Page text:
His family had reason to believe he was living in New Orleans; a family friend had bumped into him there at Mardi Gras. But that was before Hurricane Katrina. Turnbow's mother, Jean Aaron, tried not to consider whether his long silence meant he was alive or dead.
Earlier this month, 69-year-old Jean heard her son's voice for the first time since he had left home. She heard him on National Public Radio's All Things Considered, in a story about homeless people living in Duncan Plaza, a park in front of City Hall. (NPR)
A K-2 teacher at Achievement First Bushwick Elementary Charter School in Brooklyn, N.Y., Deutsch, 28, has been using Free-Reading.net, a reading instruction program that allows him to download, copy and share lessons with colleagues. (USA Today)
John Hutton, the energy secretary, will this week announce plans to build enough turbines to generate nearly half Britain’s current electricity consumption. (Times)
This year's increased estimate is the largest since 2001 when 386 whales were counted. (AP Wire)
A fire broke out at about 4:00 a.m. Monday morning, in a house where Tamara Groves and her three children were sleeping. The smoke finally woke 7-year-old Kelby Yelder, who was sleeping in her top bunk. She knew what to do, but it sure wasn't easy. (ABC7 News)
Now, thanks to India's biggest effort yet to educate every last child, he has a smart blue uniform and has started going to a mainstream state school in the Indian capital -- something he had once considered a luxury for destitute children like himself. (Reuters)
Katlyn Demerchant was born with adenosine deaminase severe combined immunodeficiency [ADA SCID], sometimes referred to a "bubble boy" syndrome.
The 18-month-old toddler has spent much of her life in a hospital room at the National Institute of Health in Maryland undergoing gene therapy. (CBC)
A consortium of coal industry players has announced that they'll build a pilot power plant in Illinois that will have zero emissions. The facility will sequester the plant's CO2 emissions deep into the ground rather than release them into the atmosphere. (NPR)
A 50-year gap in his higher education didn't stop Garrett. (CBC)
Internet initiatives make everyone a philanthropist: AOL founder launches two efforts to encourage online giving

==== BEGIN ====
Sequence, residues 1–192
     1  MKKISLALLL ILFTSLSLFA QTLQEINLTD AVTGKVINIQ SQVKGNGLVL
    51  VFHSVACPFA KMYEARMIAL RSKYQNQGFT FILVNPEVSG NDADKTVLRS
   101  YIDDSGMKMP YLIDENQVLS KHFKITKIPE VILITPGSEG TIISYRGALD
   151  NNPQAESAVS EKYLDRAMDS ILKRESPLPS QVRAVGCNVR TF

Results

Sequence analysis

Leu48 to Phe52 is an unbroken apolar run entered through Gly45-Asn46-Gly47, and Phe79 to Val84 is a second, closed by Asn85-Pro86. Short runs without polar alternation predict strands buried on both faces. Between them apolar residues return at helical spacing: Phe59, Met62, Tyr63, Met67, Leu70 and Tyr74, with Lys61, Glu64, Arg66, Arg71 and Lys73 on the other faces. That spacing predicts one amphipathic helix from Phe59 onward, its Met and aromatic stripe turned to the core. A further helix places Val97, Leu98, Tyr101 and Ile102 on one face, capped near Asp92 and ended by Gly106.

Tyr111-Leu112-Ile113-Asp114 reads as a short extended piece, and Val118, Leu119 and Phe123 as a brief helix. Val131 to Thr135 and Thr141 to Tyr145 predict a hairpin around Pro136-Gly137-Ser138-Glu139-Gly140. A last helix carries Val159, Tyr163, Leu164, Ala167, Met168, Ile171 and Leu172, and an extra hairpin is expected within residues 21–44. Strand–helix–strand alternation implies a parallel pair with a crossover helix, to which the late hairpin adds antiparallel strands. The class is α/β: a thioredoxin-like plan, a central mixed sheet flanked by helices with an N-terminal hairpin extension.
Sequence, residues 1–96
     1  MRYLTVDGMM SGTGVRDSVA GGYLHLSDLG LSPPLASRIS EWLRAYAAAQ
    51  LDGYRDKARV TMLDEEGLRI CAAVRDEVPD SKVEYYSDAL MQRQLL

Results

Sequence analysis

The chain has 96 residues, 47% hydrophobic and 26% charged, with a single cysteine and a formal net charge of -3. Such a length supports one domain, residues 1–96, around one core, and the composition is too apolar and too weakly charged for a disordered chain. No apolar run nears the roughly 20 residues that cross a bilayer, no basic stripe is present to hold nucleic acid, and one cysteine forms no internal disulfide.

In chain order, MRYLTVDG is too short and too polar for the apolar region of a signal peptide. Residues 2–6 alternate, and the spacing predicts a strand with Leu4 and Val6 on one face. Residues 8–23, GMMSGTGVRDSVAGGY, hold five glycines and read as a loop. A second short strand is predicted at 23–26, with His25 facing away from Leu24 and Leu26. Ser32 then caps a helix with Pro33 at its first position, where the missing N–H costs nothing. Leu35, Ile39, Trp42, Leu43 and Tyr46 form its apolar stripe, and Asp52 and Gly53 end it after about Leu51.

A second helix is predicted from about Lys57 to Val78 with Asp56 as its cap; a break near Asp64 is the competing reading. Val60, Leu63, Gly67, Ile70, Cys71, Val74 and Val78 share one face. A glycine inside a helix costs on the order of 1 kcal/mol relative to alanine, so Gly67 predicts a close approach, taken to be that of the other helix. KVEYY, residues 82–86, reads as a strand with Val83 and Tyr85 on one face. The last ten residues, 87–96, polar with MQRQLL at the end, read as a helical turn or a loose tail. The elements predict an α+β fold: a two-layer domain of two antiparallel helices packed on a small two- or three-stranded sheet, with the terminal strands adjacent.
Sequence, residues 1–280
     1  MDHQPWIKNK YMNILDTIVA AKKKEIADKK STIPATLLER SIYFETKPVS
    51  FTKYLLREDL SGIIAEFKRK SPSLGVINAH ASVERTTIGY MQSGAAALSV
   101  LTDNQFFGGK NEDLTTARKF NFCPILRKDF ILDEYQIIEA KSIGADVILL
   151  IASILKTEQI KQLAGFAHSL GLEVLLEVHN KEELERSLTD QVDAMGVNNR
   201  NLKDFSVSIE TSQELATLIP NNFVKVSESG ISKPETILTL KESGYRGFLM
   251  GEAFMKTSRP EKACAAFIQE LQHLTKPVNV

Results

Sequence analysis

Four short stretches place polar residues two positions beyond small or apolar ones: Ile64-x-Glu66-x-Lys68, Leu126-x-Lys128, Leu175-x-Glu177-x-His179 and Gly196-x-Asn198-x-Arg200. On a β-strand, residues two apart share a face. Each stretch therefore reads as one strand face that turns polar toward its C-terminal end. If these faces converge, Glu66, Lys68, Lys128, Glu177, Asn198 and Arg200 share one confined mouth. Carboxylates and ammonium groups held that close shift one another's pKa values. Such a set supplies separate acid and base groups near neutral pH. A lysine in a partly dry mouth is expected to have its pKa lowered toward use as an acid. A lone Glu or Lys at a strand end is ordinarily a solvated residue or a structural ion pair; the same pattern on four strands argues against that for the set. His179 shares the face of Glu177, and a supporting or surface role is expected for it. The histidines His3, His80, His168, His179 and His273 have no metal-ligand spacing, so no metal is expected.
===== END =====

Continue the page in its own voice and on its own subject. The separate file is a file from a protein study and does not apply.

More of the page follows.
Leveraging new technologies and the growth of social-networking websites, several online-giving pioneers are trying to expand the pool of potential donors by democratizing philanthropy and making it more transparent. (CS Monitor)
While the mats may not be the obvious choice among hazardous waste experts, they hit San Francisco's green chord: More than 700 volunteers have tried them in recent days. Organizers hope their success will inspire more ecological responses to toxic waste removal. (SF Gate)
"(Bill) Lishman is on to a new project - a tiny, skeletal aircraft he hopes will revolutionize the business of disaster relief. Mr. Lishman wants to pack more than a dozen of the little planes into a container that can be flown to areas such as Sudan's Darfur region, where they could be deployed like mechanized hornets, buzzing to hard-hit sites with loads of food and medical supplies." (Al Fin)
Instead, 300 kind-hearted fund-raisers dressed up as Father, and Mother, Christmas to bring some festive cheer to sick children.
And they helped raise more than £20,000 that will spread joy to youngsters being treated by Acorns Children's Hospice. (Birmingham Mail)
So far, he has built three windmills in his yard here, using blue-gum trees and bicycle parts, the first when he was just 14. His tallest, at 39 feet, towers over this windswept village, clattering away as it powers his family's few electrical appliances: 10 six-watt light bulbs, a TV set and a radio. The machine draws in visitors from miles around. (Wall Street Journal)
According to Mayor Chris Odishaw, the roughly 1,500 households in the town each use 75 litres of water every day.
He wants to reduce that figure by replacing every toilet, shower head and bathroom tap aerator in Battleford with water-saving units. (CBC)